BRUCE HOFFMAN, Author, Inside Terrorism: Neither Osama bin Laden nor his deputy, Ayman al Zawahiri, were terribly impressed with him. He seemed and acted like a thug. He was not very sophisticated. In fact, they considered him a rather poor recruit to Al Qaeda.

NARRATOR: Zarqawi would leave Kandahar determined to continue jihad and to prove bin Laden wrong. In 2002, he saw his chance. As President Bush signaled Saddam Hussein had to go, Zarqawi moved to a terrorist camp in northern Iraq. It set off alarm bells at the CIA.

CIA operations officer Sam Faddis, who ran a kill/capture team, was assigned the case.

SAM FADDIS, CIA, 1988-2008: Headquarters is extremely, extremely interested. I mean, the number one time-sensitive priority as of June ‘02, when I left headquarters, was go collect on this Islamic extremist enclave along the Iran-Iraq border.

NARRATOR: It didn’t take long for Faddis to find Zarqawi and learn what was going on in the camp.

SAM FADDIS: We literally had guys that were working for us that were inside the camp. They were working on chemical and biological weapons. They were doing a lot of work with cyanide-based things.

NARRATOR: At CIA headquarters, it was a threat they could not ignore if American troops were to invade Iraq.

MICHAEL SCHEUER, CIA, 1982-2004: If we took Saddam out, Zarqawi was going to cause a lot of problems. He was someone who we would have wanted dead if we had the opportunity and the wherewithal to do it.

NARRATOR: And Sam Faddis had a plan to do just that.

SAM FADDIS: I mean, a handful of aircraft, tomorrow, with the specificity that we have in their locations, will end this threat. And we will finish these guys.

NADA BAKOS: This seemed like the perfect moment. We know where they are. You know, we know what they’re up to. This seemed like the right time to target them and to go after them.

NARRATOR: The attack plan was fast tracked from the CIA to the White House. But as America prepared to take out Saddam Hussein, the president was told that hitting Zarqawi could cause a problem.

COLIN POWELL, Secretary of State, 2001-05: I remember there were discussions about attacking various camps that we thought bad guys were hanging out in, and I think the one you’re referring to, we made a judgment that, “Let’s not start the war before we’re ready.”

NARRATOR: When news of the decision reached CIA headquarters, there was frustration.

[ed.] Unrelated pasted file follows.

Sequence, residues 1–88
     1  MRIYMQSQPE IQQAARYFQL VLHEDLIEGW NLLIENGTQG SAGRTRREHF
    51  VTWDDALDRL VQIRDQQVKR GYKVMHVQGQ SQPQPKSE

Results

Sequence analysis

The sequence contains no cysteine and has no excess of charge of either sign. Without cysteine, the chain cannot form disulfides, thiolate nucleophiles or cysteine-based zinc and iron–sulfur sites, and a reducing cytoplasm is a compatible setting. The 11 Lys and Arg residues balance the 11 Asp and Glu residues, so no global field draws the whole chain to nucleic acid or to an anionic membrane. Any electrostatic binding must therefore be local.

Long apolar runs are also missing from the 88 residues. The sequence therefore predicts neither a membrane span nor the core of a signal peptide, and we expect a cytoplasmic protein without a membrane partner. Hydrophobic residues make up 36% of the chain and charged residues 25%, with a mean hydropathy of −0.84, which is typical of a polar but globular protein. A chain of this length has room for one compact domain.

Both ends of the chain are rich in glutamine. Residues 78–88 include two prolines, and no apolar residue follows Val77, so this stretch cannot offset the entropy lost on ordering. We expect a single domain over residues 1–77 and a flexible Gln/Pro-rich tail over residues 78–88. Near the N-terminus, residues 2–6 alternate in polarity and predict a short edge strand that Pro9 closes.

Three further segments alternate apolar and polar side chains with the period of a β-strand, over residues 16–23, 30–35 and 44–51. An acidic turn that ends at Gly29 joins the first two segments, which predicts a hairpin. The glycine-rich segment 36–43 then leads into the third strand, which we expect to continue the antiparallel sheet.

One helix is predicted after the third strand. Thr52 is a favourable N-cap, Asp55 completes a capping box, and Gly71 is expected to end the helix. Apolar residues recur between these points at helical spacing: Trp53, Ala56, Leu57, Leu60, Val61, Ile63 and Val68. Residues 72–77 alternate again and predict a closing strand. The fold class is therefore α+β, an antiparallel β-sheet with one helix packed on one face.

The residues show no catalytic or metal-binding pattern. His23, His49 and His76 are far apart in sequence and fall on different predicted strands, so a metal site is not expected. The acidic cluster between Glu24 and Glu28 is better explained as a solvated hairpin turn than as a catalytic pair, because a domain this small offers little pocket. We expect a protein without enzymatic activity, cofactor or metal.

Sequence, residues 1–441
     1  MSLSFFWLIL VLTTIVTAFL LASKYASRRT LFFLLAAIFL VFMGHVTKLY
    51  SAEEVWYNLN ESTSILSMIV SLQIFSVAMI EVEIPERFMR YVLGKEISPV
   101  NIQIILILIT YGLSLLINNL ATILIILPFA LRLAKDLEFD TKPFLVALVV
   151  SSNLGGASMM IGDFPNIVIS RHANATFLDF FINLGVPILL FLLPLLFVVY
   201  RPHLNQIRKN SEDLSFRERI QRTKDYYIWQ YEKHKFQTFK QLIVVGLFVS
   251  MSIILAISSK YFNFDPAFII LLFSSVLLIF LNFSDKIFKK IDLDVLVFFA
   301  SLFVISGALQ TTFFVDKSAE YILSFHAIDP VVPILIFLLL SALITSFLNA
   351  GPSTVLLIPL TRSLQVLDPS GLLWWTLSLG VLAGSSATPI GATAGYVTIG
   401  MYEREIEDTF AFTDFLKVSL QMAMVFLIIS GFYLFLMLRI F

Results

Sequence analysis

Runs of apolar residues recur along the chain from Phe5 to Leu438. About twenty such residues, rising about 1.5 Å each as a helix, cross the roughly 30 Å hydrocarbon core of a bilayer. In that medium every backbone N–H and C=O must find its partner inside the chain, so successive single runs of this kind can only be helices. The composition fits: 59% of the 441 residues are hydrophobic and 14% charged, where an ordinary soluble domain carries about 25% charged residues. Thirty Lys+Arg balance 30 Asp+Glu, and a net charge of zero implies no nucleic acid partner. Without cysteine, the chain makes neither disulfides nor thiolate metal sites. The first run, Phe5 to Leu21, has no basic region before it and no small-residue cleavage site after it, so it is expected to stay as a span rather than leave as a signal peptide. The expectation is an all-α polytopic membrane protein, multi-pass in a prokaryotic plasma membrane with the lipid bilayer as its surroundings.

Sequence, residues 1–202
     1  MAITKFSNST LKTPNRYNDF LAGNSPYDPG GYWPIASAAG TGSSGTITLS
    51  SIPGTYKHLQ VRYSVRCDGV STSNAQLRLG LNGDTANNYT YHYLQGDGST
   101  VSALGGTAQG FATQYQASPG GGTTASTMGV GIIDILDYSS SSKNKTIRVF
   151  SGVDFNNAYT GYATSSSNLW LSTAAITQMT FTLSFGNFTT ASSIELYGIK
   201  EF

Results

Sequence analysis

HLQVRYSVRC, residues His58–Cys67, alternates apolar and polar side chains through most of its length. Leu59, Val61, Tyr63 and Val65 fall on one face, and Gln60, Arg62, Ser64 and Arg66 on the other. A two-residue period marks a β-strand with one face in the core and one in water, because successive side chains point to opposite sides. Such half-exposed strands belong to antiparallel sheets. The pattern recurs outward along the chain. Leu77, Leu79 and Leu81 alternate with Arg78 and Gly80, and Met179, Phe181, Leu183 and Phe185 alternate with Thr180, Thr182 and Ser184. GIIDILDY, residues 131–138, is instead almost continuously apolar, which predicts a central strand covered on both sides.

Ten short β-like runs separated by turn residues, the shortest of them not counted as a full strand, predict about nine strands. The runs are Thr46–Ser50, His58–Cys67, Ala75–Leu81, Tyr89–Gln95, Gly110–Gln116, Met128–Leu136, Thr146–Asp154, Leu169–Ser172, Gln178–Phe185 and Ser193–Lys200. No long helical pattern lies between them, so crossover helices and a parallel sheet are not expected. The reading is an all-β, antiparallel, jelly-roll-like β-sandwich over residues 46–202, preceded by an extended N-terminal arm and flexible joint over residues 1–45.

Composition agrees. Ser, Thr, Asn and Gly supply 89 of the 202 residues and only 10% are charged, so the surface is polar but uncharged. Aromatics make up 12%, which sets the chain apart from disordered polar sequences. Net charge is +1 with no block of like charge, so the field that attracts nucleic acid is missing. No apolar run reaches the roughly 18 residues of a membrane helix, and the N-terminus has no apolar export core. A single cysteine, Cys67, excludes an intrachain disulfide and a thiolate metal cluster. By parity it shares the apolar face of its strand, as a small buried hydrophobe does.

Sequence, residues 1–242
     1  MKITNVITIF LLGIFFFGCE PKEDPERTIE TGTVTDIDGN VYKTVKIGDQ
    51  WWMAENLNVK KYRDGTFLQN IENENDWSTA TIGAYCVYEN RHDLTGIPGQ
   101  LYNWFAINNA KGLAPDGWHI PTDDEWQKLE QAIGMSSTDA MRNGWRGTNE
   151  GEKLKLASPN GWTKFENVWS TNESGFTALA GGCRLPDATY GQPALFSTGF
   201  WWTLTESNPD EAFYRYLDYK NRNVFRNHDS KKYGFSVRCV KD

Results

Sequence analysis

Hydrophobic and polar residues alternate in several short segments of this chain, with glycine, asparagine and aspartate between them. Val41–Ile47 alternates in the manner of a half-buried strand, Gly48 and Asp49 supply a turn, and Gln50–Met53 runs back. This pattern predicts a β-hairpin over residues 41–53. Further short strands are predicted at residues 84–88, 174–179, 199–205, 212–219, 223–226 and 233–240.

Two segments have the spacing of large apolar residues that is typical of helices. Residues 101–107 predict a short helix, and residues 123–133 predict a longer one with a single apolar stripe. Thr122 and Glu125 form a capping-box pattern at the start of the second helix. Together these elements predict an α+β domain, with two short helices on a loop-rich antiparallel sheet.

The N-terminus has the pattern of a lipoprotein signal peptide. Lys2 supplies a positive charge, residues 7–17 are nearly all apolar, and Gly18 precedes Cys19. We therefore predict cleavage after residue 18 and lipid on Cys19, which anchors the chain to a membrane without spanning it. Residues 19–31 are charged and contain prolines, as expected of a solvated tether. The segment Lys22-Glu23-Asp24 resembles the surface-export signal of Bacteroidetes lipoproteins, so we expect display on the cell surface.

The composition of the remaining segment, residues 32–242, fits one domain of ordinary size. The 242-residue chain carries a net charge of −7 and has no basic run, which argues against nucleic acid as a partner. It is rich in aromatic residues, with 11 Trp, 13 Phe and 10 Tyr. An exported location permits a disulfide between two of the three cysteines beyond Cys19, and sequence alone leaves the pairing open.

NADA BAKOS: Oh! I couldn’t believe it. We have a prime opportunity to take out a jihadist that we know poses a threat to our allies, in addition to American forces once they invade.

SAM FADDIS: There was nobody on that team who felt like Washington had made the right decision. There’s another country getting up, ready to go up in flames. We’re giving them time and space. This will turn out very badly. We need to get them, get rid of them right now.

NARRATOR: But as Vice President Dick Cheney headed to the CIA, he was preparing to do something else with Zarqawi, use him to connect bin Laden and Saddam Hussein to make the case for war.

CRAIG WHITLOCK: Vice President Cheney came to the CIA, asking lots of questions. He wanted to know, is— not only, “Is there a connection between Saddam Hussein and bin Laden,” but “We want there to be a connection between the two.”

NARRATOR: The CIA officers believed there was no evidence of a connection.

SAM FADDIS: No. Never. We never found any indication that Zarqawi was in Baghdad working for Saddam or linked up with Saddam.

NARRATOR: The vice president and his chief of staff, Scooter Libby, pushed back.

NADA BAKOS: It was pretty intense. We were lined up on one side of the table. Vice President Cheney and Scooter Libby were on the other side. And they walked in with a lot of questions and being very skeptical as to the intelligence that we had been gathering up to that point.

NARRATOR: Cheney seemed to want Zarqawi to be the link between Saddam Hussein and Osama bin Laden.

NADA BAKOS: The vice president’s frustrated. His questions are all about Zarqawi and his connection to Saddam, and whether or not they had discussed 9/11, and if Saddam had participated.

NARRATOR: Bakos says the vice president didn’t like the answer.

NADA BAKOS: We tried to explain over and over again that it would be impossible for him logically to be working with Saddam.

MICHAEL SCHEUER: There was no connection between Al Qaeda and Saddam Hussein in Iraq that we could find. And Zarqawi’s the kind of guy Saddam would kill without a moment’s— without a moment’s thought.

NADA BAKOS: And the response to that was met with skepticism, lots of questions, and a lot more frustration.